ABSTRACT

Theatre critics sometimes bemoan the proliferation of direct address in 21st-century drama. In a heated opinion piece for the New York Times, Charles Isherwood lambasts the overuse by emerging playwrights of direct address to the audience. It is, he complains, a suspension of drama because it gets in the way of genuine dialogue, which must be between characters:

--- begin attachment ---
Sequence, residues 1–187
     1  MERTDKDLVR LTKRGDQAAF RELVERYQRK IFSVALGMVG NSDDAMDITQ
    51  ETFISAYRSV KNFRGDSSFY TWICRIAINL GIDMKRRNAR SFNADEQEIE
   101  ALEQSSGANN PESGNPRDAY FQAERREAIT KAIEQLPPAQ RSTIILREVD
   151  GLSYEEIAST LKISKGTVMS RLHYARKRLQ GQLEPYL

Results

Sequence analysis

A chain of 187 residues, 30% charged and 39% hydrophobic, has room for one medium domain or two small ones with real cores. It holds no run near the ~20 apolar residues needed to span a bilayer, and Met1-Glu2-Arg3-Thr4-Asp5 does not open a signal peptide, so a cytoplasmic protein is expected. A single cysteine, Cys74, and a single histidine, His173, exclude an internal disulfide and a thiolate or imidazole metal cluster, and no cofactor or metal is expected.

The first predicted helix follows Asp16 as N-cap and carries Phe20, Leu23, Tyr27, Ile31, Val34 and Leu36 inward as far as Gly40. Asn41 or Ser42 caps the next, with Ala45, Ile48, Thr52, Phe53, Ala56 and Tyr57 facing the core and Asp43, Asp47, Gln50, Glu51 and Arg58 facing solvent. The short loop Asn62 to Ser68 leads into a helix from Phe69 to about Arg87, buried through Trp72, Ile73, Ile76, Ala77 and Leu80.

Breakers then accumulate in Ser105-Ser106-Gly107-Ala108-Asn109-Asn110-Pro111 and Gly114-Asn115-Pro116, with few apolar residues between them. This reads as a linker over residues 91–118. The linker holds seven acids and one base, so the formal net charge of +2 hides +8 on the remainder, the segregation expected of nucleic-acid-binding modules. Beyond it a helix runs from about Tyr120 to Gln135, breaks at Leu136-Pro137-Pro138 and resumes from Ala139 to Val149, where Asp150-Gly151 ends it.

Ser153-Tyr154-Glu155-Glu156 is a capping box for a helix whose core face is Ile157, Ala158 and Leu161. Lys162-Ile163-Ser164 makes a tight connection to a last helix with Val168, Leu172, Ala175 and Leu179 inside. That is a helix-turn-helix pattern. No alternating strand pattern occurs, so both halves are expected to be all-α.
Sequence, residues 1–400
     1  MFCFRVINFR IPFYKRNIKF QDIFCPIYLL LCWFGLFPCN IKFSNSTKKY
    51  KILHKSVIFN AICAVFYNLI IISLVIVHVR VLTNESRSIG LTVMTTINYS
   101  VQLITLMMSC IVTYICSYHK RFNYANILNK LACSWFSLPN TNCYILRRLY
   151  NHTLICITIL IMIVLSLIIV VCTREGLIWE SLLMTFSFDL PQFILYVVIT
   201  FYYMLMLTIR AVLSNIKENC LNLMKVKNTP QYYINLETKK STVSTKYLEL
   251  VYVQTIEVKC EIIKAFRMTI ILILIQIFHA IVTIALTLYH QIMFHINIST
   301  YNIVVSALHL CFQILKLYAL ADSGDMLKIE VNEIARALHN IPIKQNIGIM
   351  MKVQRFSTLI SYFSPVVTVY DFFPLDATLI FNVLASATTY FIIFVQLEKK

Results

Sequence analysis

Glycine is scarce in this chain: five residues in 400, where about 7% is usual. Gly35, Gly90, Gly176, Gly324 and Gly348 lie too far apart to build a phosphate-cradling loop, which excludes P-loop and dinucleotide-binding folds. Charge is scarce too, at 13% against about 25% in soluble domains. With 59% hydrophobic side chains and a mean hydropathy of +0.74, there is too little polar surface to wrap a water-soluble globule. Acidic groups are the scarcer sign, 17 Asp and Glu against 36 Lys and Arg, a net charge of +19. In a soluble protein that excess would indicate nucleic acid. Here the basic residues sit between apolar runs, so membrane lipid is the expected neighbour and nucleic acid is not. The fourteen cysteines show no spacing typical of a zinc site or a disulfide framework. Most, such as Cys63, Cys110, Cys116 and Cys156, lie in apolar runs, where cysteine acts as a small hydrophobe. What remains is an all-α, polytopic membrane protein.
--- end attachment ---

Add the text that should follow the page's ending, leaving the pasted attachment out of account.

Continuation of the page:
when characters step forward to talk to us in the middle of a play, they call attention to the artifice of the enterprise, reminding us that we’re at the theater watching a writer’s commentary on human experience, not the thing itself.